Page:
Thursday, 7 June 2012

Movie Review: Dr. Jekyll and Mr. Hyde (1920)

Director: John S. Robertson, 1920
IMDb listing

Pros: good Jekyll and Hyde swtiches, interesting reason for Jekyll's experiment

Cons: music, much longer than it needed to be

This version of Dr. Jekyll and Mr. Hyde is nothing remarkable.  The acting is similar to that of other silent films - over done with grand gestures and expressions.  The story is well told, if longer than necessary.  John Barrymore does a great performance in the titular roles.

The music track (which may differ from version to version since it would have been played live in the theatre) was surprisingly bad.  It consisted of mostly organ music, with little care for what was happening in the film.  So, for example, cheery music played while Hyde beat up on people.  At no point was the music employed to create fear or tension.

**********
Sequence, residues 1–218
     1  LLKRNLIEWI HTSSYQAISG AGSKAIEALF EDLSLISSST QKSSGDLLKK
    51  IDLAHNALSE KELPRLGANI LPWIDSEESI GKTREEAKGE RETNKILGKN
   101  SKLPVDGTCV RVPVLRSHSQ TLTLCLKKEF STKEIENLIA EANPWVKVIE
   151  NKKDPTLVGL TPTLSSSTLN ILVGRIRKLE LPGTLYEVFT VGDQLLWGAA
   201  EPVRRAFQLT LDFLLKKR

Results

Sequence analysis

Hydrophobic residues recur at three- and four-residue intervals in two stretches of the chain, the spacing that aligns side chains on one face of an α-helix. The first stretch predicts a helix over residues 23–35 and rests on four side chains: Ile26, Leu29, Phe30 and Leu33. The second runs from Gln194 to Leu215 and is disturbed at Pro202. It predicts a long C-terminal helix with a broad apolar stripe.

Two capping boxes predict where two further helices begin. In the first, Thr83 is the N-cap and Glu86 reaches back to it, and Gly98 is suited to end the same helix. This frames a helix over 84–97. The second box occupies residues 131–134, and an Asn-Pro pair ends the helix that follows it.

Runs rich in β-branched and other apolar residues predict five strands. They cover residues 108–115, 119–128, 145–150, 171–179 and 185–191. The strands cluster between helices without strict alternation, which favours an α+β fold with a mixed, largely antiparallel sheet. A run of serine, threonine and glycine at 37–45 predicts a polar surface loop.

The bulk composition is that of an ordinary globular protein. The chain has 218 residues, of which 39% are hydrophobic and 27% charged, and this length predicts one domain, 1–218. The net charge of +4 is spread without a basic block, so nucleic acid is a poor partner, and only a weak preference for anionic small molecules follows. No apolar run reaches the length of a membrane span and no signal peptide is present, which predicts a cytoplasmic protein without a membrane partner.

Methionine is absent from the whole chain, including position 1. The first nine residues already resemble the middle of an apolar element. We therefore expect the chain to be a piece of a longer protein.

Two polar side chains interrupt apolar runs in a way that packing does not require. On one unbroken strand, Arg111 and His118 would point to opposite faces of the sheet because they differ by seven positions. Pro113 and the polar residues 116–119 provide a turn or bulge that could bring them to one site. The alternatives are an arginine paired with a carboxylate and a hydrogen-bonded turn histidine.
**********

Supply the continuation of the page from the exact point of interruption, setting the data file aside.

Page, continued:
I found the inclusion of a reason for Hyde's creation interesting.  Jekyll is portrayed as a too perfect man.  A man with no vices.  So his perspective father in law suggests that he live a little, taste temptation and takes him to a bar.  Intrigued, Jekyll wonders if there's a way to split himself, so he can wallow in depravity while leaving his soul intact.  And creates the potion that destroys his life.

As with the 1913 version (directed by Herbert Brenon), the film includes a love story, though here it is more advanced.  And the subsequent irony and horror of Hyde's existence becomes apparent to the man who temped Jekyll in the first place.  

All told, if you're going to see a silent version of this film, stick to the 1913.  It's shorter and contains all the important elements of the story.  

In retrospect I should have skipped this version and seen the 1931 version instead.

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